David Henderson replied to this comment by Brad DeLong, but I’m still trying to figure out what Brad’s saying.  To requote:

So is your argument really that if not for the stimulus package wages
would be falling–and falling wages would be inducing employers to hire
lots more workers?

That hasn’t happened in the U.S. economy since 1921. In the U.S.
economy since 1921, falling wages and prices have deepened depressions
by multiplying bankruptcies. Deflation is really bad juju.

Questions for Brad:

1. When you say “That hasn’t happened…” to what does “that” refer?  Falling nominal wages definitely happened during the Great Depression, so am I correct to assume that “that” = “falling wages that induce employers to hire lots more workers“?

2. If my latter interpretation is correct, what makes you so sure?  Yes, during the early years of the Great Depression, unemployment rose as nominal wages fell.  But unemployment also rose as real wages rose.  Big time – and in short order.  So why aren’t you at least agnostic? Wouldn’t real wages have risen to even more dangerous levels if nominal wages hadn’t fallen?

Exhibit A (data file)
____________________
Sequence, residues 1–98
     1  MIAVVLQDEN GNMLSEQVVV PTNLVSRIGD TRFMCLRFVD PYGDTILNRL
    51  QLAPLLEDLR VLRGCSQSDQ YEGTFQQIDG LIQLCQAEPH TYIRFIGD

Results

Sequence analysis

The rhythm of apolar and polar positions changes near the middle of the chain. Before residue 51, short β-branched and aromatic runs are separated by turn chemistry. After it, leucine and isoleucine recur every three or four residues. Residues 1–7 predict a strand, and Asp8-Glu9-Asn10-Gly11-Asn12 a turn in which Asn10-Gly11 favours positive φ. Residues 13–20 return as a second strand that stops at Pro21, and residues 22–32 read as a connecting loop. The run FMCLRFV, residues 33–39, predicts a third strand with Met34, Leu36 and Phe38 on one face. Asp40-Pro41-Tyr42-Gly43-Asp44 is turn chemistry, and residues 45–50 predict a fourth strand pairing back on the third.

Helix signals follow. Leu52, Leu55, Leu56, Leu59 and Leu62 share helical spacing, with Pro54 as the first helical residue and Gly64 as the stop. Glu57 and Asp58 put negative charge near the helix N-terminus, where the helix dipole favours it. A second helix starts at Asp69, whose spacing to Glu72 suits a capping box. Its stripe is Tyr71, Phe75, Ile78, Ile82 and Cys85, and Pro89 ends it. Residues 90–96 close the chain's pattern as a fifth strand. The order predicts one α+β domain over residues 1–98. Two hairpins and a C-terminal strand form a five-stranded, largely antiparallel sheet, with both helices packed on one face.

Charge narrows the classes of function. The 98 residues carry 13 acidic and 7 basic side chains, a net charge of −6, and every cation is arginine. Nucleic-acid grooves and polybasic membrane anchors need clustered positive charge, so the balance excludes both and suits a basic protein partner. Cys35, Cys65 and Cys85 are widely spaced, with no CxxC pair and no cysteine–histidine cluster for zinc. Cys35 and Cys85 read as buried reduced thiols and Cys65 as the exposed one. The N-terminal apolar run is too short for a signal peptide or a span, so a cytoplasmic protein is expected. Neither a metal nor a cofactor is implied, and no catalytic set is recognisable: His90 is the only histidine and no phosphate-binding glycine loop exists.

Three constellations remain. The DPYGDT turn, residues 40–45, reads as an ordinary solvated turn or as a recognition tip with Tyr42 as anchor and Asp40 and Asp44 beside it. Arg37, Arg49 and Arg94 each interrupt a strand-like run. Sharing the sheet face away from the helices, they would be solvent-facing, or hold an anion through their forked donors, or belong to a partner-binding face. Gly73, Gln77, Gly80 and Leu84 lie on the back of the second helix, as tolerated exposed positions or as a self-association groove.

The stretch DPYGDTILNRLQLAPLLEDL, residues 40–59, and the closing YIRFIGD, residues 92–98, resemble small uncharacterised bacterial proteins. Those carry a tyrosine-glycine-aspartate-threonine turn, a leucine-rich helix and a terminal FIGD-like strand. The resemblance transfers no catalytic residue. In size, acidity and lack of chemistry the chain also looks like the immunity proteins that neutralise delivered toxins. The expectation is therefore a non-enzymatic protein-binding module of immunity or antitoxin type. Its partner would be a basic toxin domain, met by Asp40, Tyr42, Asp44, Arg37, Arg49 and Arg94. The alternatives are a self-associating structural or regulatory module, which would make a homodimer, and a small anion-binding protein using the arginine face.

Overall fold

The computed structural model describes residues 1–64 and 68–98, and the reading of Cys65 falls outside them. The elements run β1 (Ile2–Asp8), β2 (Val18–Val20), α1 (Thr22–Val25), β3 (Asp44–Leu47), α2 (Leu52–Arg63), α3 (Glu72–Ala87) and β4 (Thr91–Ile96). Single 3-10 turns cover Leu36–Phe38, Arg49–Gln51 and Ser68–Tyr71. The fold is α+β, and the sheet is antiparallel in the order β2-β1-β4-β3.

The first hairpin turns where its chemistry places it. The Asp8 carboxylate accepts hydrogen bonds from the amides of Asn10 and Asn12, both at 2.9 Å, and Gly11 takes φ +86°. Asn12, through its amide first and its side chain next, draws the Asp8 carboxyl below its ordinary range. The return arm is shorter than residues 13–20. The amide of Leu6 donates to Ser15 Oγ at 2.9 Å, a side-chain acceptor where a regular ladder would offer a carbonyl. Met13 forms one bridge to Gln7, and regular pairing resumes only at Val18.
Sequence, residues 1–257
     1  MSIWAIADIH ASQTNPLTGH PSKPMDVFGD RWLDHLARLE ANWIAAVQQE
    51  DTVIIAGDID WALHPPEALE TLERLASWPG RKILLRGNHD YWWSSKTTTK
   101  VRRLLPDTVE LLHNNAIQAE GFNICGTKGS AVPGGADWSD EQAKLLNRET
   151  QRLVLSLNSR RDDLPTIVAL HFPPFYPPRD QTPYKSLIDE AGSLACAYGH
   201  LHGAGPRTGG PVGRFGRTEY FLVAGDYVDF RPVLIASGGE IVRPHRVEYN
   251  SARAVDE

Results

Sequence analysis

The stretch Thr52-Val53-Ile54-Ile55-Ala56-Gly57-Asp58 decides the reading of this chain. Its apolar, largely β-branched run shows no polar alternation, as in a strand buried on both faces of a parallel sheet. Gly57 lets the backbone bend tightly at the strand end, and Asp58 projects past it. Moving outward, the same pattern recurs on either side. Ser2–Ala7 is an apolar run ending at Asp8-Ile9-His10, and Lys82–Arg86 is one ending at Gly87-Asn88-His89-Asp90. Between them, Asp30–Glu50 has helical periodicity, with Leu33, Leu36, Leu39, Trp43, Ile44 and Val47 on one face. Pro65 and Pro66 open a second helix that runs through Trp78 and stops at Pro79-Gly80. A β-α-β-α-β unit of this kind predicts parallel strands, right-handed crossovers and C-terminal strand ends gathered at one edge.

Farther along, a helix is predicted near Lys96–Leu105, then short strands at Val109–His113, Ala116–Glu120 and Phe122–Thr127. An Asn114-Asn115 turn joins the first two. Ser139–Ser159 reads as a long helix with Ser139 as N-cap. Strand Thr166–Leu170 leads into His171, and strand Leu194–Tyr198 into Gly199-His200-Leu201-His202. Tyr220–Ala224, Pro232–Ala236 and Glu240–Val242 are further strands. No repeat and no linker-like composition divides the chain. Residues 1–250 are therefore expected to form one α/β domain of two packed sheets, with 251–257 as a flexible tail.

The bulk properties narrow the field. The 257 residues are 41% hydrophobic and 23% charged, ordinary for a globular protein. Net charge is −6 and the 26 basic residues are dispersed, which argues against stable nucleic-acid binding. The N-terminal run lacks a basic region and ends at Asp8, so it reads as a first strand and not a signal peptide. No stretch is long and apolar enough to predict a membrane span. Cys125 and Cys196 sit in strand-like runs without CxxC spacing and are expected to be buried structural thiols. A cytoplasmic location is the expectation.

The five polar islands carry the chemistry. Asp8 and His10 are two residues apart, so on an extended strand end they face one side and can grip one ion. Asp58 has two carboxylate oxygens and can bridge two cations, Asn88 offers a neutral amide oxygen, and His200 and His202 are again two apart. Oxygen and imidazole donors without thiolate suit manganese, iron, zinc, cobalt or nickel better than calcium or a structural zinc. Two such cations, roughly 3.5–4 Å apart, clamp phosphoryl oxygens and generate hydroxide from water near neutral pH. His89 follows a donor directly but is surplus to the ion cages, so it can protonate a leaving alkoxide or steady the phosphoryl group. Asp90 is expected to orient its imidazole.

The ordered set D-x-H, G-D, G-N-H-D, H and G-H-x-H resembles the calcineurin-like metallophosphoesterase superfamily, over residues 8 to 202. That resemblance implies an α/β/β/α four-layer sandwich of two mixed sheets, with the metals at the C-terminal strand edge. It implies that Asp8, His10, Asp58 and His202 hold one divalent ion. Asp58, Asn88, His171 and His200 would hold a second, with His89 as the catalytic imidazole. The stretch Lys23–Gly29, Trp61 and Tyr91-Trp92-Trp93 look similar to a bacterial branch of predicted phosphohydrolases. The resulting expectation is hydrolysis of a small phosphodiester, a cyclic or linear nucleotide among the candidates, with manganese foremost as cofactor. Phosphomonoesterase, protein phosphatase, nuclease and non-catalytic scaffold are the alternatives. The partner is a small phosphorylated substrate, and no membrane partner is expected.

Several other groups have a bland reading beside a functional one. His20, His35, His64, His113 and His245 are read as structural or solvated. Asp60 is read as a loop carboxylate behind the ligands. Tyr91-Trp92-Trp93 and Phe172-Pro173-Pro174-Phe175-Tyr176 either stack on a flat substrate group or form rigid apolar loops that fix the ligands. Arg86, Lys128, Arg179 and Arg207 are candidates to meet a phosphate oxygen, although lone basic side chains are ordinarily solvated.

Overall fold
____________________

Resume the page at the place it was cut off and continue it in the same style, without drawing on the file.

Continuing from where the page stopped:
3. I’ll buy that falling prices “have deepened depressions
by multiplying bankruptcies.”  But wouldn’t falling nominal wages mitigate depressions by reducing bankruptcies?  Condemning falling wages alongside falling prices strikes me as guilt by association.  In standard New Keynesian models, don’t these two variables have opposite effects on employment?

4. If your story is that nominal wage cuts reduce AD, what’s wrong with this argument?